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XIX (2nd Royal Saxon) Army Corps
XIX. (II. Königlich Sächsisches) Armee-Korps
Stab eines Generalkommandos.svg
Flag of the Staff of a Generalkommando (1871–1918)
Active 1 April 1899 (1899-04-01)–1919 (1919)
Country  Kingdom of Saxony /  German Empire
Type Corps
Size Approximately 44,000 (on mobilisation in 1914)
Garrison/HQ Leipzig

World War I

Battle of the Frontiers

The XIX (2nd Royal Saxon) Army Corps / XIX AK (German language: XIX. (II. Königlich Sächsisches) Armee-Korps) was a Saxon corps level command of the German Army, before and during World War I.

As the German Army expanded in the latter part of the 19th Century and early part of the 20th Century, the XIX Army Corps was set up on 1 April 1899 in Leipzig as the Generalkommando (headquarters) for the western part of the Kingdom of Saxony (districts of Leipzig, Chemnitz and Zwickau).[1] It took over command of 24th (2nd Royal Saxon) Division from XII (1st Royal Saxon) Corps and the newly formed 40th (4th Royal Saxon) Division.

It was assigned to the II Army Inspectorate[2] which formed the predominantly Saxon 3rd Army at the start of the First World War. It was still in existence at the end of the war[3] in the 19th Army, Heeresgruppe Herzog Albrecht von Württemberg on the Western Front.[4]

Peacetime organisation

The 25 peacetime Corps of the German Army (Guards, I - XXI, I - III Bavarian) had a reasonably standardised organisation. Each consisted of two divisions with usually two infantry brigades, one field artillery brigade and a cavalry brigade each.[5] Each brigade normally consisted of two regiments of the appropriate type, so each Corps normally commanded 8 infantry, 4 field artillery and 4 cavalry regiments. There were exceptions to this rule:

V, VI, VII, IX and XIV Corps each had a 5th infantry brigade (so 10 infantry regiments)
II, XIII, XVIII and XXI Corps had a 9th infantry regiment
I, VI and XVI Corps had a 3rd cavalry brigade (so 6 cavalry regiments)
the Guards Corps had 11 infantry regiments (in 5 brigades) and 8 cavalry regiments (in 4 brigades).[6]

Each Corps also directly controlled a number of other units. This could include one or more

Foot Artillery Regiment
Jäger Battalion
Pioneer Battalion
Train Battalion

World War I

Organisation on mobilisation

On mobilization on 2 August 1914 the Corps was restructured. 40th Cavalry Brigade was withdrawn to form part of the 8th Cavalry Division[8] and the 24th Cavalry Brigade was broken up and its regiments assigned to the divisions as reconnaissance units. Divisions received engineer companies and other support units from the Corps headquarters. In summary, XIX Corps mobilised with 25 infantry battalions, 9 machine gun companies (54 machine guns), 8 cavalry squadrons, 24 field artillery batteries (144 guns), 4 heavy artillery batteries (16 guns), 3 pioneer companies and an aviation detachment.

Combat chronicle

On mobilisation, XIX Corps was assigned to the predominately Saxon 3rd Army forming part of the right wing of the forces for the Schlieffen Plan offensive in August 1914 on the Western Front. It spent the entire war on the Western Front. It was still in existence at the end of the war[12] in the 19th Army, Heeresgruppe Herzog Albrecht von Württemberg.[13]


The XIX Corps had the following commanders during its existence:[14][15]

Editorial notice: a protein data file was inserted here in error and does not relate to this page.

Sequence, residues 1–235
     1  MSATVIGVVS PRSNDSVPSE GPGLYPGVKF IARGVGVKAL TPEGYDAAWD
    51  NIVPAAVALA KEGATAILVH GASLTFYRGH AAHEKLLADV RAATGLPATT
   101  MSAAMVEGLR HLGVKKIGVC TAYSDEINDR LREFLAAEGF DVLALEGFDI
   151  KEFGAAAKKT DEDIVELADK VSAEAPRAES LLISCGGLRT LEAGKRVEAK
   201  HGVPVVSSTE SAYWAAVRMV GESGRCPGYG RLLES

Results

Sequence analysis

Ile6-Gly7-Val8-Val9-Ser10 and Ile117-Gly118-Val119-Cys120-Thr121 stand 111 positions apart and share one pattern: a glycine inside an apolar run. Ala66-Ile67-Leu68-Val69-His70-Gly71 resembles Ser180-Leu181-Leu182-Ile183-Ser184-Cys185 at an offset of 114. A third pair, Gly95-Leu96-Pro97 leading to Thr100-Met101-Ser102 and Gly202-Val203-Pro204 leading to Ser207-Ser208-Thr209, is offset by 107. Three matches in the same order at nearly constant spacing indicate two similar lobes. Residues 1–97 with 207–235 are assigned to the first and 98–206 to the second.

Dates Rank Name
25 March 1899 to 21 April 1904 General der Infanterie Heinrich Leo von Treitschke
22 April 1904 to 26 November 1907 General der Infanterie Alexander Graf Vitzthum von Eckstädt
27 November 1907 to 27 November 1913 General der Artillerie Hans von Kirchbach
30 November 1913 to 20 July 1917 General der Kavallerie Maximilian von Laffert
8 August 1917 to 8 August 1918 General der Infanterie Adolph von Carlowitz
9 August 1918 to end of the war Generalleutnant Karl Lucius

See also


  1. German Administrative History Accessed: 10 May 2012
  2. Cron 2002, p. 395
  3. Cron 2002, pp. 88–89
  4. Ellis & Cox 1993, pp. 186–187
  5. Haythornthwaite 1996, pp. 193–194
  6. They formed the Guards Cavalry Division, the only peacetime cavalry division in the German Army.
  7. War Office 1918, p. 258
  8. Cron 2002, p. 300
  9. Cron 2002, pp. 310
  10. With a machine gun company.
  11. 4 heavy artillery batteries (16 heavy field howitzers)
  12. Cron 2002, pp. 88–89
  13. Ellis & Cox 1993, pp. 186–187
  14. German Administrative History Accessed: 10 May 2012
  15. German War History Accessed: 10 May 2012


  • XIX. Armeekorps (Chronik 1914/1918)
  • Claus von Bredow, bearb., Historische Rang- und Stammliste des deuschen Heeres (1905)
  • Günter Wegner, Stellenbesetzung der deutschen Heere 1815-1939. (Biblio Verlag, Osnabrück, 1993), Bd. 1

Further reading

  • Cron, Hermann (2002). Imperial German Army 1914-18: Organisation, Structure, Orders-of-Battle [first published: 1937]. Helion & Co. ISBN 1-874622-70-1. 
  • Ellis, John; Cox, Michael (1993). The World War I Databook. Aurum Press Ltd. ISBN 1-85410-766-6. 
  • Haythornthwaite, Philip J. (1996). The World War One Source Book. Arms and Armour. ISBN 1-85409-351-7. 
  • Histories of Two Hundred and Fifty-One Divisions of the German Army which Participated in the War (1914-1918), compiled from records of Intelligence section of the General Staff, American Expeditionary Forces, at General Headquarters, Chaumont, France 1919. The London Stamp Exchange Ltd (1989). 1920. ISBN 0-948130-87-3. 
  • The German Forces in the Field; 7th Revision, 11th November 1918; Compiled by the General Staff, War Office. Imperial War Museum, London and The Battery Press, Inc (1995). 1918. ISBN 1-870423-95-X. 

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